Edward R. Cony (March 15, 1923 – January 9, 2000) was an American journalist and newspaper executive who spent almost his entire career working for The Wall Street Journal or its parent company, Dow Jones. He won the Pulitzer Prize for National Reporting in 1961.
Edward R. Cony
|Born||March 15, 1923|
|Died||January 9, 2000 (aged 76)|
|Education||Master of Arts|
|Alma mater||Stanford University|
|Subject||Wood industry, national reporting|
|Notable awards||Pulitzer Prize for National Reporting |
Gerald Loeb Award
Susan Wheat (m. 1954)
|Children||Ann, Daniel, Elizabeth, Katharine, Marilyn, Lauren|
Cony was born in Augusta, Maine, the son of Daniel William Cony and Mary (Doyle) Cony. He attended Colby College and received a B.A. from Reed College, where he majored in political science and wrote a thesis on the Fair Employment Practice Commission under Prof. Maure Goldschmidt. He then earned an MA from Stanford University.
Cony served in the U.S. Army from 1943 to 1946.
He then joined the Wall Street Journal, working as a staff member for the newspaper's San Francisco bureau (1953–55), as manager of its Los Angeles bureau (1955–57), as head of its Jacksonville bureau (1957–59), as a staff member based in New York (1959–60), as a news editor in New York (1960–64), as the assistant managing editor of its Pacific Coast Edition (1964–65), as the managing editor of the Wall Street Journal (1965–70), the newspaper's highest-ranking post.
He then served as executive editor of Dow Jones publications and news services (1970), as a vice president of Dow Jones (1972–86), as president of the Dow Jones division that published The Wall Street Journal Asia (1976–80), and as vice president for news at Dow Jones (1977–88). In 1980 he was elected to the board of Ottaway Newspapers, a Dow Jones subsidiary.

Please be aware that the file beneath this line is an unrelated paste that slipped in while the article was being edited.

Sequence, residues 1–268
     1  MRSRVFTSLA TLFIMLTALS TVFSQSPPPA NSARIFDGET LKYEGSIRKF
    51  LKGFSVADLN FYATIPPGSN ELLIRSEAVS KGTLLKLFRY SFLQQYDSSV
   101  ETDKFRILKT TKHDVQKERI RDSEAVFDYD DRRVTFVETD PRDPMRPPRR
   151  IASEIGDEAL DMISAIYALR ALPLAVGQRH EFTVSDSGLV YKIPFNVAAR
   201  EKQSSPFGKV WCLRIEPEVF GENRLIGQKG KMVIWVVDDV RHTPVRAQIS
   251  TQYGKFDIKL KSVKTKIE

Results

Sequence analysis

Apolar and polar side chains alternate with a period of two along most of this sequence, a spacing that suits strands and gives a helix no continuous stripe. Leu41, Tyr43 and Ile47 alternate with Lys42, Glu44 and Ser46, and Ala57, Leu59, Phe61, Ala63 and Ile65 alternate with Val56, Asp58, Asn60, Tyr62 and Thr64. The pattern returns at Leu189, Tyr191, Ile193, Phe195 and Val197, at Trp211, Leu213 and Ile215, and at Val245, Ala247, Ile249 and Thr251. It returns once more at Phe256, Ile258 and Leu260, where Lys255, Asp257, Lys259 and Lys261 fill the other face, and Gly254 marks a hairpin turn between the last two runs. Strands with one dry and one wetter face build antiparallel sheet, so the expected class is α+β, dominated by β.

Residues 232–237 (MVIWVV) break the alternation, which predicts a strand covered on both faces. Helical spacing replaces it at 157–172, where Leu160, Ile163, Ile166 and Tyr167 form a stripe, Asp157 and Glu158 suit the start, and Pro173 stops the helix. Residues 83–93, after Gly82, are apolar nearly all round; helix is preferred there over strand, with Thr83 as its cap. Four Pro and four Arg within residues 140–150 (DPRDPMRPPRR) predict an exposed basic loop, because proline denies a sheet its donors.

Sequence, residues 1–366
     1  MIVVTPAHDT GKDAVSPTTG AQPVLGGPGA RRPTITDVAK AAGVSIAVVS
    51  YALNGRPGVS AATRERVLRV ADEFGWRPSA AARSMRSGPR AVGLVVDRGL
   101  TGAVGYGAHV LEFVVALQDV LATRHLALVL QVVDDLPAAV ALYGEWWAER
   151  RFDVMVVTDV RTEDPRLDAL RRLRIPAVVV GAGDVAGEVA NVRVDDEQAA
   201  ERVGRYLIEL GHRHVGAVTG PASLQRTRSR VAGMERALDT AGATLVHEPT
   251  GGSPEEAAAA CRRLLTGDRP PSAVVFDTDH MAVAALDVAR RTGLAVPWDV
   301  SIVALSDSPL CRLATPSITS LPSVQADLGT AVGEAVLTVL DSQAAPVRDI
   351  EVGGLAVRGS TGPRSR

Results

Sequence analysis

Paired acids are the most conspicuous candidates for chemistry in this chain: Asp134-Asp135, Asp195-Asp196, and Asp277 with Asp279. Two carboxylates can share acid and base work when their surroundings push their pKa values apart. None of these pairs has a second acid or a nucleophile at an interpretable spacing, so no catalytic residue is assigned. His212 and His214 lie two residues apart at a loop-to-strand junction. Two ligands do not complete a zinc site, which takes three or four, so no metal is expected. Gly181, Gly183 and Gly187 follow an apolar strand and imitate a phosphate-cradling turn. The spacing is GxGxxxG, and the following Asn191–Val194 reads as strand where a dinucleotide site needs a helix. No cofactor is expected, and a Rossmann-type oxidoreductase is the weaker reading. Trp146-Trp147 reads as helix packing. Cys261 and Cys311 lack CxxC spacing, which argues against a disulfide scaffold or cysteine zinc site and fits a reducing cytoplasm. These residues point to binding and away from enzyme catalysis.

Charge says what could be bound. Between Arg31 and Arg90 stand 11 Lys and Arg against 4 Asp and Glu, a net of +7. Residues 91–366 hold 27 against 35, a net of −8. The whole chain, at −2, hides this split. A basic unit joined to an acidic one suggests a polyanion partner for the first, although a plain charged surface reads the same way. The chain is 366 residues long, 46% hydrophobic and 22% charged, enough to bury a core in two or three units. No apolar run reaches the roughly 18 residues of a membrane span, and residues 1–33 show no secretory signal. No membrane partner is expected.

He was also president of the Dow Jones Newspaper Fund from 1981 to 1988. From 1986 to 1988 he served as an associate editor of the Wall Street Journal. He retired in 1988. He had spent all but six months of his 35-year career as a journalist working for the Wall Street Journal or for its parent company, Dow Jones.
According to his New York Times obituary, "Cony announced that he had Alzheimer's in March 1988, a few weeks before he was to have become president of the American Society of Newspaper Editors. Although he had decided not to take the post, the society's board elected him president before accepting his resignation a few hours later."
Cony served as a trustee of Reed College from 1974 to 1990. He "was deeply involved in defending First Amendment freedom of press and was a frequent speaker (sometimes at Reed) on the topic of rights and responsibilities of the media."
Cony joined the American Society of Newspaper Editors in 1971. At one point he served as president of the Associated Press Managing Editors.
In 1961, he received the Pulitzer Prize for National Reporting for a series of articles about business ethics in the timber industry. The prize board praised his analysis of a timber transaction between Georgia-Pacific Corporation and one of its directors, who was also the president of a major insurance company, saying that it had drawn attention to the issue of business ethics.
"Ed was extraordinarily intelligent, possessed of a wonderful wit, an easy sense of humor, and absolute integrity," wrote Barron's columnist Alan Abelson after Cony's death. "Pure and simple, he was the best newspaperman we've ever known, and, we're absolutely convinced, there never has been a better one, anywhere, ever." Walter Mintz, chairman of the Reed board of trustees, called Abelson's description of Cony "absolutely accurate. Ed was a dear and close friend, and his terrible illness was an enormous tragedy."
Larry O'Donnell, also a former managing editor of the Wall Street Journal, called Cony a mentor, saying: "Ed Cony had a profound and deep impact on his newsroom colleagues. Reporters wanted to work on stories with Ed — and learned much when they did." O'Donnell said that Cony, as managing editor, had "hired the paper’s first black newsroom staffers and pushed for a diverse newsroom throughout his career." O'Donnell added that Cony had "also put into writing the Journal’s conflict-of-interest policies — decades before other newspapers did." O'Donnell also recalled Cony's "great sense of humor."
The following are the Pulitzer Prizes for 1961.Pulitzer Prize for National Reporting
This Pulitzer Prize has been awarded since 1942 for a distinguished example of reporting on national affairs in the United States. In its first six years (1942–1947), it was called the Pulitzer Prize for Telegraphic Reporting – National.